Yes, I do bring books to my kid's baseball games. He's not always up to bat.
Speaking of Edmund, we both enjoyed Gerald Morris's The Squire's Tale. Our young protagonist, Terence, cares for a hermit with the gift of prophecy. When a wanna-be knight crosses his path, the hermit foretells both of their futures. Terence leaves with the future Sir Gawain as his squire.
Off they ride, to meet King Arthur and go on a quest. Like other Arthurian tales, some of the adventures are somewhat bizarre, but all come with a lesson to take away. Morris gives these ancient characters new life with flaws and personalities all their own. Terence is a kind-hearted boy and Gawain is a likable knight struggling to be noble.
This is not a new series. Just new to us. Back in 1998 the good people at School Library Journal wrote,
"Overall, this is a good story, well told, both original and true to the legend of Gawain, counteracting his lesser position in Malory's Le Morte d'Arthur. Readers who savor swashbuckling tales of knighthood will enjoy this adventure. Librarians will find a great choice of comic and breathtaking quests for booktalks."
I agree with those statements and with their assessed age of appropriateness as Grades 5 to 9. Edmund and I just got Book 2 of this series of 10 (hooray for series!): The Squire, His Knight, and His Lady.
The lovely Laura Pearl wrote a new novel for middle schoolers, Erin's Ring.
When Molly McCormick, new girl in Dover, New Hampshire, finds an old claddaugh ring outside the local Catholic church, she sets out on a journey of discovery about the city's history and Catholic heritage.
There are lots of heroines in this novel. We learn the lineage of the ring's owners while Molly makes a friend and works on a history project for school. Each of the women who owned the ring faced different challenges as immigrant, factory worker, single mother and widow, and star-crossed lover.
Erin's Ring is a sweet story with lots of Irish-American history and idioms. The Irish brogues are very thick and there is a glossary in the back of the book to help those unfamiliar with Irish vernacular.
I did note one anachronism is Erin's Ring. One of the nineteenth century heroines finds herself on January 1st, bemoaning the fact that there is no Catholic church in town to celebrate the Solemnity of Mary. January 1st was the Feast of the Circumcision of Our Lord until 1969, when it was changed to the Solemnity of Mary. I know this because the pastor at the parish where I grew up joked that the diocese had been naming parishes after events in the life of our Lord. When our parish was built, there were only two events left: the Transfiguration and the Circumcision. But this doesn't affect the story in any way.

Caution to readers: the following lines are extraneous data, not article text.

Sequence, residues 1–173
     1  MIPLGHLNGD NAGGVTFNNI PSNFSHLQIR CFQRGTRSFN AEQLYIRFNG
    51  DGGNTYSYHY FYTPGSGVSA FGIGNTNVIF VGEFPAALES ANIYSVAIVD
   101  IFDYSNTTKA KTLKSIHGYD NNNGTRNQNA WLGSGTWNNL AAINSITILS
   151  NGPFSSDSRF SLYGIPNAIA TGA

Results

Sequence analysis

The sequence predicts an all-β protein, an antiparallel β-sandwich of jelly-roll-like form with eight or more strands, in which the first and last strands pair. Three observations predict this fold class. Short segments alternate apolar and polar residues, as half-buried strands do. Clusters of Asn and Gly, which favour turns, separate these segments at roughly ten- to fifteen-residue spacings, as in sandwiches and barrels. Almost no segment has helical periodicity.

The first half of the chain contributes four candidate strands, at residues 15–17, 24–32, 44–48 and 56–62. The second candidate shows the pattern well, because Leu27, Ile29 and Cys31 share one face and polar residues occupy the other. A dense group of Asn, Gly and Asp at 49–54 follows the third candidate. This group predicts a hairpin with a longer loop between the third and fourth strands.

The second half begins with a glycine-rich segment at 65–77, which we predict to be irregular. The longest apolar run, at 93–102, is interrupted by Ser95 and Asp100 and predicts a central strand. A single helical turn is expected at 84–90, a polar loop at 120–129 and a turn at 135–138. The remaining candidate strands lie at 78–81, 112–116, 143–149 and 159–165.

Erin's Ring is both shorter and more innocent than Laura's first novel Finding Grace, making it appropriate for any middle-school reader.
I'm trying to read more grown-up books this summer. I'm about a third of the way in to Jennifer Chiaverini's Mrs. Grant and Madame Jule. We are going to Galena later this month, and I have some distant familial ties to Ulysses S. Grant, so this historical novel is of particular interest to me.
As @reinventingmother commented on my Instagram photo, it is a little slow. Sometimes slow is what I need however. "Slow" allows me to take in all of the historical and political details of the time.
Mrs. Grant and Madame Jule is a tale of two women, both named Julia. One is the Southern belle, Julia Dent who eventually marries the quiet Captain Grant, and the other is her slave since childhood, Jule. Jule was given to Julia at the age of four to be her playmate.
I was unaware that the great military mind of the North was married to a slave owner from St. Louis. The family politics alone are worth the read. Julia is the lesser of two heroines, at least where I am in the novel. She is naive to the feelings of the "help" and over-confident in her role as master/beneficiary.
What I like about this book is that it's missing the sex and graphic violence that I've come to expect from best-sellers. That's not to say that there isn't any romance or tales of the horrible treatment of slaves. Chiaverini does an excellent job with both without offending my delicate sensibilities.
Now for the monthly link up for people who found time to read books and write what they thought about them.